1. The length of your trip

This is the first thing you figure out since this determines how many days of expenditure are involved. Even if some of the days are partial, note those down since you will need to spend money on those days as well.

2. The number of meals needed

Food is one of the most straightforward expenses you will need to budget for. Although this is a variable (who knows what you will eat for each meal? – more on which, later), you still know how many meals you will need to have. A few things to keep in mind here :

  • Is breakfast is included as part of your stay at your place of accommodation?
  • Are meals provided on flights? (assuming you can stand airline food, of course)

These may be meals you don’t have to budget for as they are already provided.

What you will end up with is a list resembling this :

e.g. for 4 nights
Incoming flight at 10am, outgoing flight at 2pm
4 breakfasts (breakfast provided on incoming flight)
5 lunches
4 dinners (dinner provided on outgoing flight)

3. Planned activities

Any planned activities such as tours are fixed costs. Note these down.

Some of these will insist on payment in cash only, not necessarily in the currency of the country you are visiting (e.g. some tours ask for payment in US dollars only). Remember to take these into account when changing currency!

4. Other fixed costs

There are typically some other costs which you will know of ahead of time, or at least have a rough idea of. Classic examples are transportation costs to/from the airport and possibly mobile phone card costs. Note these down as well since they are generally known values. A google search like ‘prepaid SIM card cost in [insert place]‘ will bring up many threads that will give you an estimate cost.

5. Estimating daily costs

This is where things get a little tricky – you have pretty much removed the costs which are static. Now we try to estimate the variable costs as best we can.

To do this, we need an estimate on the daily costs of living in the places you will be visiting. You can find this on websites such as Expatistan (www.expatistan.com). The information there is crowd-sourced and should give you an idea of the daily costs for various activities on your trip.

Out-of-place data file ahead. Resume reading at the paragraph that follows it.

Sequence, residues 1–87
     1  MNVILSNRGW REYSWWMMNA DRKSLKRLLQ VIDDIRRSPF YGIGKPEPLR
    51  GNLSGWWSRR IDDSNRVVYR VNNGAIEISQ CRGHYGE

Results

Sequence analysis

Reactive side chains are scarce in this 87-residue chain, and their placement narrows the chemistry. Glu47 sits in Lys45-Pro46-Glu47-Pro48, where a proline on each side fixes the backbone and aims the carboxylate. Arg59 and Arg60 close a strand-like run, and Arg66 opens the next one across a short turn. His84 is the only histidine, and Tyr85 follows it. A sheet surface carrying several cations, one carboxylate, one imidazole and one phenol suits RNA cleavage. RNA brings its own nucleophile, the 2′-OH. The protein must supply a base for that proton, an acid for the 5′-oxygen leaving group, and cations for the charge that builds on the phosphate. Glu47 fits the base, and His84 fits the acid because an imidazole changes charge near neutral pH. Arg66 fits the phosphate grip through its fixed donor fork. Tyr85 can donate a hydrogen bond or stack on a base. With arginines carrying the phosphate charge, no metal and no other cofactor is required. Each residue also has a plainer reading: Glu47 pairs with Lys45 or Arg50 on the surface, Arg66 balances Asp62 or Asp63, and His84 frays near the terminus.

6. Meals

The easiest variable cost to deal with is meals. You already know how many meals you need for each meal (breakfast, lunch, dinner). Using the information taken from the website, you should be able to calculate an estimate of how much your meals should cost. A few tips here :

  • In some cases (typically dinner) you may find more than one cost option listed on your cost estimate website (e.g. a meal at a budget restaurant vs a 4 course meal at an Italian restaurant in an expat area). Always use the more expensive choice in your estimates. Overestimating is good.
  • I find that budgeting dinner for 2 people is a good idea, since this puts you in a position to pay for a possible partner or date. At the very worst, it will mean you can manage a more fancy dinner or have a bit of spare cash on hand, never a bad thing. Think about those lovely seaside dinner places on holiday.

7. General daily activities

The next is a list of general daily activities you might undertake. This can be a bit tricky but typically, there are few things that will get done every day on a holiday. Examples of these are :

  • a cab ride
  • a museum trip
  • sitting down for a coffee at a cafe

Of course, this varies from person to person and you should tailor this for the sort of things you might do daily while on holiday.

The general idea is if you think you might do it, then factor it in. Err on the side of caution. Multiply this estimated daily cost against the number of days your trip is and you have another estimated cost dealt with.

8. Daily spare cash

This might be the hardest thing to estimate but looking at the rough costs of various things the website gives you for the place you are going to will give you an idea of how much this can be. Multiply this by the number of days you are spending in the place and you should have a buffer of spare cash, just in case.

9. Adding it all up

Add up the fixed and estimated costs for your trip and round up to the nearest. Again, overestimating is good. You now have the estimated amount of cash you need in foreign currency.

10. Currency conversion

The final step is to calculate how much you will need of your own home currency in order to change for the foreign currency or currencies you will need. I use currency conversion websites for this (e.g. Oanda) and then add another about 15% on for the amount of home currency I should exchange. This is to take into account getting a crappy exchange rate at the money changer.

Hopefully, this should give you a workable sum of cash to use at your destination. In practice, I typically end up with a bit of extra cash which I have to change back to my home currency. While this isn’t terribly efficient since I almost definitely lose some value in changing currencies back, I’d rather have extra cash at the end of my trip and be prepared for contingencies than find myself short of cash.